Laser cutting and The Role of Nitrogen Generation

Laser cutting has many different applications in the world of industrial manufacturing. The process of laser cutting is a thermal one, and requires a steady and reliable supply of gas for the purposes of achieving a high-quality finish and maintaining a safe working environment. In this article, we will be looking at the different ways in which nitrogen supports the process of laser cutting.


How does a laser cutting machine work?

Before we look at how a laser cutting machine works, it’s important to know that there are two types of laser cutting machine that are commonly used in the manufacturing industry: fiber and CO2. The difference between how each of these operate lies in the way that the laser beam is generated and guided to the cutting head.


Fiber Laser Cutting

Light is directed through a fiber optic cable which stimulates atoms contained within, and this triggers the release of photons. The build-up of photons generates a concentrated laser beam, which then travels through the fiber optic cable, bouncing off a series of lenses within the machine’s beam delivery system until it reaches the output point where it can be focused on the metal to be cut.


CO2 Laser Cutting

 Electricity is passed through a tube filled with CO2, nitrogen, helium and other gases. Electrical energy excites the gas mixture and photons are released, which in turn generates a beam of light. This light beam produced bounces back and forth between the mirrors at each end of the laser tube and this process emphasises the intensity of the beam and makes it more concentrated. Once the beam has been generated, it works in very much a similar way to fiber laser cutting, as it travels through a beam delivery system filled with a series of lenses until it reaches the output point.


Which is the best laser cutting machine to use?

There are benefits and setbacks to each of the two types of machines. Ultimately, the decision depends on the customer’s specification from a design perspective.

For example, if someone is looking to cut across non-metal materials such as acrylic, wood or leather, CO2 is the perfect choice. CO2 lasers operate on a longer wavelength which means that the point of the beam is less concentrated and more suited for non-metal materials.

Fiber laser cutters are more powerful and better suited heavy-duty metal cutting and rigid materials as well as engraving. For example, if someone was looking at cutting components to be used in the aerospace or automotive sector, they would use a fiber laser.

While CO2 lasers offer more versatility in terms of materials they can be used on, they lack in precision due to their longer wavelength. In addition to this, fiber lasers have a much higher cutting speed especially when it comes to thin to medium-thickness metals.


Why is nitrogen needed for laser cutting?

Nitrogen’s properties as an inert gas makes it the perfect accessory to laser cutting because it means the gas will not react with molten metal, even when the laser has heated the surface to high temperatures.

Hence, nitrogen gas safely displaces the surrounding oxygen in the cutting area to prevent oxidation and undesirable effects such as rust and discolouration. The displacement of oxygen also makes for more stable gaseous composition and atmosphere around the laser cutting, which allows for the smoother finishes. This reduces the need for post-cutting treatments and helps reduce overall costs.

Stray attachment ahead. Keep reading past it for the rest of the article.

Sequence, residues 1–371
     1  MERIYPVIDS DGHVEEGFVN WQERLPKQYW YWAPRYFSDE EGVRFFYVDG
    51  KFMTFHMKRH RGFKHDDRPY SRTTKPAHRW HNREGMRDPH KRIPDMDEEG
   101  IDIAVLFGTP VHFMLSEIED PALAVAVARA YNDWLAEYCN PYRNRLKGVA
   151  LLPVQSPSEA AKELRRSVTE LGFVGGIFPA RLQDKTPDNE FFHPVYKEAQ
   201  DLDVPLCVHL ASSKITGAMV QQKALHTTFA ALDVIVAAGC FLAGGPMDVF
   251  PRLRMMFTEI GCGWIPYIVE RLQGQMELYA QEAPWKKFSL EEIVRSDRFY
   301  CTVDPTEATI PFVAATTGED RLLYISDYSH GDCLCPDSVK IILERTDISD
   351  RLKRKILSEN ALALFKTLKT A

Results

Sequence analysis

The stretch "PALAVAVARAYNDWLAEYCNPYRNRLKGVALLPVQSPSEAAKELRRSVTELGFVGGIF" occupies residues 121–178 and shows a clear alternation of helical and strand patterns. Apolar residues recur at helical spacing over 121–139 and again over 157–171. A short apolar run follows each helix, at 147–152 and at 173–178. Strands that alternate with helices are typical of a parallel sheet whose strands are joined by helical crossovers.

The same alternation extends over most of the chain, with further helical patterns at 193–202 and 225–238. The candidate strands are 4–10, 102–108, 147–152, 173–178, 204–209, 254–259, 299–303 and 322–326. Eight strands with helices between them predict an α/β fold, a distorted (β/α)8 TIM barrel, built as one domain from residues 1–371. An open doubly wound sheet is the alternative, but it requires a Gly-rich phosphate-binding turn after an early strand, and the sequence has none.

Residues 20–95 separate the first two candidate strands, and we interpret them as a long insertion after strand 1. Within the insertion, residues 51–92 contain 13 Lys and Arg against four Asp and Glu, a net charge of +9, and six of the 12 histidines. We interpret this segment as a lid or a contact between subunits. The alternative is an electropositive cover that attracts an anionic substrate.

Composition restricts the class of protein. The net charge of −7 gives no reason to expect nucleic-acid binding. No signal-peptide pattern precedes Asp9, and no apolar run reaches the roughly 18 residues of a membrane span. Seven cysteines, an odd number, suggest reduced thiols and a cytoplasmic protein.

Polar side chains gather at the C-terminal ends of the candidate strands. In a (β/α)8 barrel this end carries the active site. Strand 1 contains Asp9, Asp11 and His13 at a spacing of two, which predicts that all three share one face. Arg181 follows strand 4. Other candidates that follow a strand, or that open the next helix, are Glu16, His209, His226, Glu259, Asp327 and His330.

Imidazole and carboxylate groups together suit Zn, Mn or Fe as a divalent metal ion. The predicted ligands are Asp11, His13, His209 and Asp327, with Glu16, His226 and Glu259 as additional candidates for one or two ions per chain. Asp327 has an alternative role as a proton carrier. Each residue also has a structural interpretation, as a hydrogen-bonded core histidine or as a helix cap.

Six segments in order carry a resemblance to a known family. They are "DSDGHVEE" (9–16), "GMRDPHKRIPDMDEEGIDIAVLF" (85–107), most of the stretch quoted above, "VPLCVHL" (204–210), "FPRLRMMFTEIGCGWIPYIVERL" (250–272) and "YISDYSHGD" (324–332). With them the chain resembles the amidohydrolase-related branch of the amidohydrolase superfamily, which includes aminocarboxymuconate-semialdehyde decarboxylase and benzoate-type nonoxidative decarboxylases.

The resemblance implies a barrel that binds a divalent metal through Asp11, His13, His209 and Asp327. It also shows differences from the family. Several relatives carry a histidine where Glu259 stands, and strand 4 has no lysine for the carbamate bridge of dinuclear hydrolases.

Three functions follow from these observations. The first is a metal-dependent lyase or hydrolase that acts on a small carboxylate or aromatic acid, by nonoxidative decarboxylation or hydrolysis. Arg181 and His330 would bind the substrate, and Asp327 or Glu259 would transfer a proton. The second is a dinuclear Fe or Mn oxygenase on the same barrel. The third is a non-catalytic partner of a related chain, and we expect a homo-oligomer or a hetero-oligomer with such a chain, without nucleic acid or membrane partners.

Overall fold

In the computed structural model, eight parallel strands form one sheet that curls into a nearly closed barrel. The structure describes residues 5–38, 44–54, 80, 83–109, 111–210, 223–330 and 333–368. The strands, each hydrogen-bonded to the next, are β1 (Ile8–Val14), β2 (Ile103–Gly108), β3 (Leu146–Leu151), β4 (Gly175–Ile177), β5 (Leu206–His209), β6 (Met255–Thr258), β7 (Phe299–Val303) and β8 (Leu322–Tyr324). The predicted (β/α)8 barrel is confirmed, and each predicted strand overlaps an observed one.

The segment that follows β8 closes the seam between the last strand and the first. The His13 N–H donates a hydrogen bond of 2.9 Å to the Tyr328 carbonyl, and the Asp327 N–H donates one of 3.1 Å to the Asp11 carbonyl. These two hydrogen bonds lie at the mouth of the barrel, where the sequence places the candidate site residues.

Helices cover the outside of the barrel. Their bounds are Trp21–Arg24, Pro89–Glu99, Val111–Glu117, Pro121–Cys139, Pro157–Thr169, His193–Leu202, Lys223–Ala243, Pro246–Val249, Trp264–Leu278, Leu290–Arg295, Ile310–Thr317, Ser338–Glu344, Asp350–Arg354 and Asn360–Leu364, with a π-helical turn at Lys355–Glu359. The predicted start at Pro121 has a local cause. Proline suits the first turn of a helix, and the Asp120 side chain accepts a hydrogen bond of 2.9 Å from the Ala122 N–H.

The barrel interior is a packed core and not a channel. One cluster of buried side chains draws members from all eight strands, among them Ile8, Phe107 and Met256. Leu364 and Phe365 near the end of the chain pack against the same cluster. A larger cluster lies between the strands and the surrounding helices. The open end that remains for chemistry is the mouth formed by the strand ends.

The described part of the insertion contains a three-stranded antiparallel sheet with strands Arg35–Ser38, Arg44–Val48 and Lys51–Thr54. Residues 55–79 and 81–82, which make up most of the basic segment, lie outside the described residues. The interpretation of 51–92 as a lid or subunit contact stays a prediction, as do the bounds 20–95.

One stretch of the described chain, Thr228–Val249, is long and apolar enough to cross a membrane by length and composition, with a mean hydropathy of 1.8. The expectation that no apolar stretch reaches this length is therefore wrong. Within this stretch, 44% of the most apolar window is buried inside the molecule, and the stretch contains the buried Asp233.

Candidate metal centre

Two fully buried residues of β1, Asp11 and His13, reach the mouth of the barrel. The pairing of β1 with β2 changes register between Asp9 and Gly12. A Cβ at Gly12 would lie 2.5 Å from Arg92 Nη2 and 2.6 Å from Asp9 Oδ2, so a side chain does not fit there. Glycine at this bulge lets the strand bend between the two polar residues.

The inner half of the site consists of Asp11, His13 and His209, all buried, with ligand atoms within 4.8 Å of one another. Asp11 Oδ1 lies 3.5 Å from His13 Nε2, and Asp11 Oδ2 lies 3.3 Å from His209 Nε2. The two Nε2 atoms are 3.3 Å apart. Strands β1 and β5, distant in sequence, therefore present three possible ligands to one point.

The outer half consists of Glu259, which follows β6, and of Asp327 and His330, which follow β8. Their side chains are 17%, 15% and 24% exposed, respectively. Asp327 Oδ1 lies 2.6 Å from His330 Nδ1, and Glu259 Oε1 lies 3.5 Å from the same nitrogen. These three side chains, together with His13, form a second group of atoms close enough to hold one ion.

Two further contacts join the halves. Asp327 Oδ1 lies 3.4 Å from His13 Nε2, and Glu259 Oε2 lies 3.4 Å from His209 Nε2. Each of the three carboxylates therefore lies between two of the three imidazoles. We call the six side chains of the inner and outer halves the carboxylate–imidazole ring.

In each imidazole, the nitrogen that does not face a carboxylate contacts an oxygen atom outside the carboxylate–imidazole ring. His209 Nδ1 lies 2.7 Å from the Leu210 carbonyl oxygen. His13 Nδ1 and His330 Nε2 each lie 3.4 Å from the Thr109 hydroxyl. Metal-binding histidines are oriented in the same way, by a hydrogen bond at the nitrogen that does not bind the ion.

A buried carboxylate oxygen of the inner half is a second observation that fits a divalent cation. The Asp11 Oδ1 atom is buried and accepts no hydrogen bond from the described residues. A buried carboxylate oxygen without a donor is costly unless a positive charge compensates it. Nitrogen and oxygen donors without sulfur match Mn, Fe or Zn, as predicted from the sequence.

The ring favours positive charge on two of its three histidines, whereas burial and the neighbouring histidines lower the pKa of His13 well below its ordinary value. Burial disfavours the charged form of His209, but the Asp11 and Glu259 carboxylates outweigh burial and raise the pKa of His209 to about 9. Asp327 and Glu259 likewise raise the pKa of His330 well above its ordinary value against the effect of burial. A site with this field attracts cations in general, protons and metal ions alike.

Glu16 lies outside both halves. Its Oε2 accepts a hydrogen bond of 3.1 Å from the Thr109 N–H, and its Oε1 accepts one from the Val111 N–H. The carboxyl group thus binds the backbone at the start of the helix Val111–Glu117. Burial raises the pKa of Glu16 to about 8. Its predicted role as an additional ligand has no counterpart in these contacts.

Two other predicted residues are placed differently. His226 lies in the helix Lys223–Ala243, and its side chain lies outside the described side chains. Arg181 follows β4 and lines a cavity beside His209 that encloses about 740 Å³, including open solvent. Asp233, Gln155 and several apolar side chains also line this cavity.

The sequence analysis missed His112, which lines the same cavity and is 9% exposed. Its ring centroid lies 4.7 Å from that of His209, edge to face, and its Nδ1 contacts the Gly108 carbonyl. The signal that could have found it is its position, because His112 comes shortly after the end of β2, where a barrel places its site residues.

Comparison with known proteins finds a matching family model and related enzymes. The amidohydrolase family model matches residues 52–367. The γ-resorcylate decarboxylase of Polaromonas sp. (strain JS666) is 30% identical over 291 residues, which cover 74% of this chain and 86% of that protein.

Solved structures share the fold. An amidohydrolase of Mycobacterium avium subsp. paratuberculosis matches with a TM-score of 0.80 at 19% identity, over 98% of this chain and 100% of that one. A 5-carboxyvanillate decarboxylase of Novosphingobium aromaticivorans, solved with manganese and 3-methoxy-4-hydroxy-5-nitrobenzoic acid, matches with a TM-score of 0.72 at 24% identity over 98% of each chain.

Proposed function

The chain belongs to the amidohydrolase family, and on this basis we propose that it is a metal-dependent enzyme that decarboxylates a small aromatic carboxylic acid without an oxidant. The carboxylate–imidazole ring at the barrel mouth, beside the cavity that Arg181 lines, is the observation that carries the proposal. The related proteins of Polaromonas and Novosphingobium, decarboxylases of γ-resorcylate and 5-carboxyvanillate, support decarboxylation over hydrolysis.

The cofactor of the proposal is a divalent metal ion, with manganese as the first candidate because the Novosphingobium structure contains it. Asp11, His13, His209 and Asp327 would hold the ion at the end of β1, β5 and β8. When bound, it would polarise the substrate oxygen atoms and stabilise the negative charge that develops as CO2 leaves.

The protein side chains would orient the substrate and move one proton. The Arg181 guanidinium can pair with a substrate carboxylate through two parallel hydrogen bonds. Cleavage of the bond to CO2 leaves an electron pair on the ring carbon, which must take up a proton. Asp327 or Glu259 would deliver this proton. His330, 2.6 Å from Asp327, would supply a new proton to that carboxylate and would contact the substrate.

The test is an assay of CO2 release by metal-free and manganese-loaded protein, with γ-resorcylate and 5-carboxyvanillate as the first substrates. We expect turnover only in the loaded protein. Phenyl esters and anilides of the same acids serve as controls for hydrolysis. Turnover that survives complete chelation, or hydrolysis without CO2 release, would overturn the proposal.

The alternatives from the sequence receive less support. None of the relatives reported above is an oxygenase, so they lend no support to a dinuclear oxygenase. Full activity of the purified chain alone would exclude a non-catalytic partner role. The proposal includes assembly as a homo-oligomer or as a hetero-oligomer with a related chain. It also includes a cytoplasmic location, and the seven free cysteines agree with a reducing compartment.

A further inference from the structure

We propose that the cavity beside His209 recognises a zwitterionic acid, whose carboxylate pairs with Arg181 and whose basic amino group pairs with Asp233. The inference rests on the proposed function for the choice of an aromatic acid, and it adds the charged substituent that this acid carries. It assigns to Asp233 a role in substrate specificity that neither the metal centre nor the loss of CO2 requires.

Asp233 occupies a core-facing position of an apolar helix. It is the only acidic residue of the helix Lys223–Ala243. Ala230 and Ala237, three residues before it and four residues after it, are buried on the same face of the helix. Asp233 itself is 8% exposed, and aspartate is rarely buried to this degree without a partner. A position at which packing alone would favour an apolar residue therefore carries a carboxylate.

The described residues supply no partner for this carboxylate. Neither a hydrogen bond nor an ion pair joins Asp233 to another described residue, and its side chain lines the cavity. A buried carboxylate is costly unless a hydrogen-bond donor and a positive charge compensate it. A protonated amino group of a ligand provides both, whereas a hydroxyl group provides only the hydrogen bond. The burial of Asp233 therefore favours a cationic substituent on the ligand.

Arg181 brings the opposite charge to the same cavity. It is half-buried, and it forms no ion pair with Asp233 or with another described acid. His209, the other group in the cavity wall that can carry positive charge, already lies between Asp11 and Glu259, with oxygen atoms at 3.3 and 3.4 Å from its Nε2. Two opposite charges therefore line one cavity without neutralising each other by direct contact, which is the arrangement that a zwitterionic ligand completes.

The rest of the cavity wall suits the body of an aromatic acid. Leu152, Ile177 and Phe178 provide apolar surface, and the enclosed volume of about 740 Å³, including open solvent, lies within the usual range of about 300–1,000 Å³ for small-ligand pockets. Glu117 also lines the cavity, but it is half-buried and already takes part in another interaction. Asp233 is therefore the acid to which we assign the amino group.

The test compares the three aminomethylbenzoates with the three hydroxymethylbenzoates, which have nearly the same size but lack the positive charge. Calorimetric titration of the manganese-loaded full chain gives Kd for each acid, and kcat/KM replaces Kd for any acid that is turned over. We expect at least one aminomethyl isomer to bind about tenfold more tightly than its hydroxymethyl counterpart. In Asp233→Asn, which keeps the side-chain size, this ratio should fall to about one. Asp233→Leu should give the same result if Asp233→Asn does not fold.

Another way in which nitrogen is a much-valued aid to laser cutting is that it enables the process to take place at higher speeds. The absence of oxygen reduces the risk of combustion which allows for faster cutting speeds to take place without compromising the quality of the metal.


The purpose of an assist gas

The laser beam is focused into an extremely small dot when it comes to the head of the machine that does the cutting. Due to the laser being extremely focused, the temperature increases rapidly and this poses the risk of melting the material. This is where assist gas is needed.

A nozzle- built into the cutting head- blasts the area to be cut with the assist gas. Nitrogen is the most popular choice of assist gas because of the reasons we have already covered in this article i.e., prevention of oxidation and faster cutting speeds. Another key purpose that the assist gas has, is to blow away excess molten material when the cutting is taking place to ensure neat and uninterrupted work.


Purity of nitrogen in laser cutting

The lower the purity of nitrogen gas being used, the lower the cost. That being said, the lower the purity of gas, the higher the risk of the metal decolourising. It is important for the customer to decide on the design that they want for the cutting edge before deciding on gas purity.

Whilst decolourisation is not a desirable side-effect of laser cutting, the copper and gold colour that forms as a result of oxidation can support the aesthetic of certain applications.


The message that we want everyone who reads this article to take away, is that nitrogen is very important in laser cutting for both safety and quality purposes. Having an on-site nitrogen generator not only means that you have an easily accessible supply, but it reduces the cost of needing to import nitrogen from suppliers and storing excess nitrogen, as a generator means that it can be produced in quantities as needed.

If you want to discuss your nitrogen generation needs further or want to find out more about the relationship between nitrogen and laser cutting, get in touch on our contact page and a member of the Maziak team will be happy to help you.

For more information, please call 01933 222000 or email us at

Laser Cutting And The Role of Nitrogen Generation